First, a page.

Aberrations are errors in an image that occur because of imperfections in the optical system. Another way of saying this is that aberrations result when the optical system misdirects some of the object’s rays. Optical components can create errors in an image even if they are made of the best materials and have no defects. Some types of aberrations can occur when electromagnetic radiation of one wavelength is being imaged (monochromatic aberrations), and other types occur when electromagnetic radiation of two or more wavelengths is imaged (chromatic aberrations). The origins and consequences of chromatic radiation were discussed in the previous section.

Monochromatic aberrations can be grouped into several different categories: spherical, coma, astigmatism, field curvature, and distortion.The idea of reference sphere is often used in discussions of aberrations. For all spheres, a ray drawn perpendicular to the sphere’s surface will intersect the center of the sphere, no matter what spot on the surface is picked.

Sphere with rays drawn perpendicular to the surface intersect at the center of the sphere.

A reference sphere isn’t a physical structure; it’s just a mathematical construct that the wavefront of the electromagnetic radiation is compared to. If the electromagnetic wavefront has the shape of the reference sphere, then the wavefront will come to a perfect focus at the center of the sphere. Remember that the definition of a ray specifies that rays are drawn perpendicular to the wavefront. All of the rays associated with a spherical wavefront will intersect at the center of the sphere. If the wavefront is not spherical, some of the rays will pass through the center of the sphere.

Some rays on an aberrated wavefront focus to a different point, W, than do rays that are perpendicular to the reference sphere.

By comparing the wavefront of the electromagnetic radiation with the reference sphere, it is possible to determine what aberrations are present in an image and how severe they are.

Spherical Aberration

Spherical aberrations occur for lenses that have spherical surfaces. Rays passing through points on a lens farther away from an axis are refracted more than those closer to the axis. This results in a distribution of foci along the optical axis.

Spherical aberrations result in paraxial and peripheral rays having different foci.

Rays that make a small angle with the optical axis, and which travel close to the axis, are called paraxial rays. Peripheral rays interact with the edges of the components in an optical system. When a wavefront is spherically aberrated, peripheral rays focus closer to the lens than paraxial rays do. The difference between where these two types of rays come to a focus is a way to measure the severity of spherical aberration in a system.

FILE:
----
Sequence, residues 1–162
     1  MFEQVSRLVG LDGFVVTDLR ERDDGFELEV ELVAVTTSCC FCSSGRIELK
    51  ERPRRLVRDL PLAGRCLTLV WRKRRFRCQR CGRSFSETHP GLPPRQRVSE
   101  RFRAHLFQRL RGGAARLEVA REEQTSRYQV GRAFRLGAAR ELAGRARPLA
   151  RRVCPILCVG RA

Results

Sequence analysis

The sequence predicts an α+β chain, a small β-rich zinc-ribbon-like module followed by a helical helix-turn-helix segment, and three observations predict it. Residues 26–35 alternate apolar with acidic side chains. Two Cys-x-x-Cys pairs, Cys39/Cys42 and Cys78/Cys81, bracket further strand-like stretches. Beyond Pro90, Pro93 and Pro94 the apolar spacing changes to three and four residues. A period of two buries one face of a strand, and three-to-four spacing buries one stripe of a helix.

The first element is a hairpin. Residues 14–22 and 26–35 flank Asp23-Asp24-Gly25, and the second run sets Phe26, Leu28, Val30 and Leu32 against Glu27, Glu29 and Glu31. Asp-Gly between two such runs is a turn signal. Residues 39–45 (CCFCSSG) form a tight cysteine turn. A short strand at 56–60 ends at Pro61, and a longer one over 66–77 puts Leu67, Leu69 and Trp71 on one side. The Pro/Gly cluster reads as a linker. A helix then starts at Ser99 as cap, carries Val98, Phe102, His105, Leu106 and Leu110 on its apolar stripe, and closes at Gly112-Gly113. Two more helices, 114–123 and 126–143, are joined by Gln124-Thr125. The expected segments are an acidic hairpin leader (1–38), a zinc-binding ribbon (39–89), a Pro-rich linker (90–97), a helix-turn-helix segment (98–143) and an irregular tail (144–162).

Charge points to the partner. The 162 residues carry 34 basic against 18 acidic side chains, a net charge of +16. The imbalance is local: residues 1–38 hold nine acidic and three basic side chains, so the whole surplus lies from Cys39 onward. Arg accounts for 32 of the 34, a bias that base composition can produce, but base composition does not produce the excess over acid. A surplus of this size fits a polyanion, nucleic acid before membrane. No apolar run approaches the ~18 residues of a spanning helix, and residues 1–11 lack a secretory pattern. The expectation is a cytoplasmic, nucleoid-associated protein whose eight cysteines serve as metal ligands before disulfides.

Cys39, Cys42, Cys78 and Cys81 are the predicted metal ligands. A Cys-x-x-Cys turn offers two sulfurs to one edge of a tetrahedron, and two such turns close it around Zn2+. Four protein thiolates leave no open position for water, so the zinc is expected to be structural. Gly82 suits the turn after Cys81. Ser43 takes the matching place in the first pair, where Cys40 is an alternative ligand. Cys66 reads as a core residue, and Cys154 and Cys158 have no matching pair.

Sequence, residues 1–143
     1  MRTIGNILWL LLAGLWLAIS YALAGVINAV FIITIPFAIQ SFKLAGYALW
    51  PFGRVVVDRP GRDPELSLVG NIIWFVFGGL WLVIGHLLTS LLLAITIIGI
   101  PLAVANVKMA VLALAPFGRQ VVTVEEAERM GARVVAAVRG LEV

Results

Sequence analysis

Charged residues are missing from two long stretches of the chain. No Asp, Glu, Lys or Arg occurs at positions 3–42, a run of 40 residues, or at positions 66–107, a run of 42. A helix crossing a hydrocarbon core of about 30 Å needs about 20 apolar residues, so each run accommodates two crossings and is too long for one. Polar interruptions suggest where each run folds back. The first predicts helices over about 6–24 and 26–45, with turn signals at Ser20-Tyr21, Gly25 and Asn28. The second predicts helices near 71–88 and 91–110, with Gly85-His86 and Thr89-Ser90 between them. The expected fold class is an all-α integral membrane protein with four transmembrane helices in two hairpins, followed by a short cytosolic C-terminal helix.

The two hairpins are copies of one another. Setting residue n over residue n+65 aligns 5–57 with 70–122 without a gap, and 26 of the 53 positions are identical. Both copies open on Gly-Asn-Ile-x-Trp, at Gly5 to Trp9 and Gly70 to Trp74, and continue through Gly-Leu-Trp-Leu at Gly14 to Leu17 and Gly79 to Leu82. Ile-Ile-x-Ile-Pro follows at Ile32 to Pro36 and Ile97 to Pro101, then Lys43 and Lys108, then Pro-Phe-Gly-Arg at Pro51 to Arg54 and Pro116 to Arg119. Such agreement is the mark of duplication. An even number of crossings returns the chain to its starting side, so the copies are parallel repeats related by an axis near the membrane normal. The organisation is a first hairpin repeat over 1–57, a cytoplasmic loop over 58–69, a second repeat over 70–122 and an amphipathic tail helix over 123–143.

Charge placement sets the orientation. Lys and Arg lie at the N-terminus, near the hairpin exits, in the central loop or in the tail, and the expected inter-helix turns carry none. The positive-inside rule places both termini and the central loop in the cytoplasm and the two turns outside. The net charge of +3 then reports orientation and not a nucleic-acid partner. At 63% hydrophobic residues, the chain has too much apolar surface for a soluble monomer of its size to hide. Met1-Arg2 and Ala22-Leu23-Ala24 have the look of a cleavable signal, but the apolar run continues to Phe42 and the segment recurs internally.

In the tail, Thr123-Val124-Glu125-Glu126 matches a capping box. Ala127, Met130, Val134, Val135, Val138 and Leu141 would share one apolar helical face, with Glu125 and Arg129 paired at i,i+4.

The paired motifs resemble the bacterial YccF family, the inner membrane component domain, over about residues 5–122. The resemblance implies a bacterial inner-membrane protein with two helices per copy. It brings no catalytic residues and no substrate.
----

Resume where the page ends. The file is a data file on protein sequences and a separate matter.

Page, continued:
It is possible to design optical components with aspherical surfaces that are free of spherical aberration. Gradient-index lenses, which have refractive indices that are highest at the center of the lens and gradually decrease closer to the edge of the lens, can also eliminate spherical aberration. However, optical components with spherical surfaces are much easier and cheaper to manufacture than those with aspherical surfaces or gradient-index characteristics. Because of this, most designers of optical systems use off-the-shelf components with spherical surfaces.

A measure of the spherical aberration of the optical system is the physical distance between the foci of the reference sphere and of the peripheral rays of the aberrated wavefront (between R and W).

When multiple-lens systems are designed, optical designers use the interactions of all of the system components to minimize spherical, as well as other, aberrations. The undercorrection of one lens can be used to compensate for the overcorrection of an other lens. If the optical system must contain only one spherical lens, the spherical aberration can be minimized if both lens surfaces contribute equally to the power of the lens. Making a lens with large radii of curvature will also help minimize spherical aberration.


Spherical aberrations describe where different points focus along the optical axis. The image of an object point that lies off of the optical axis will form a tear-drop shaped image. The flared tail of the image is usually directed away from the axis, but it can also be oriented towards the axis.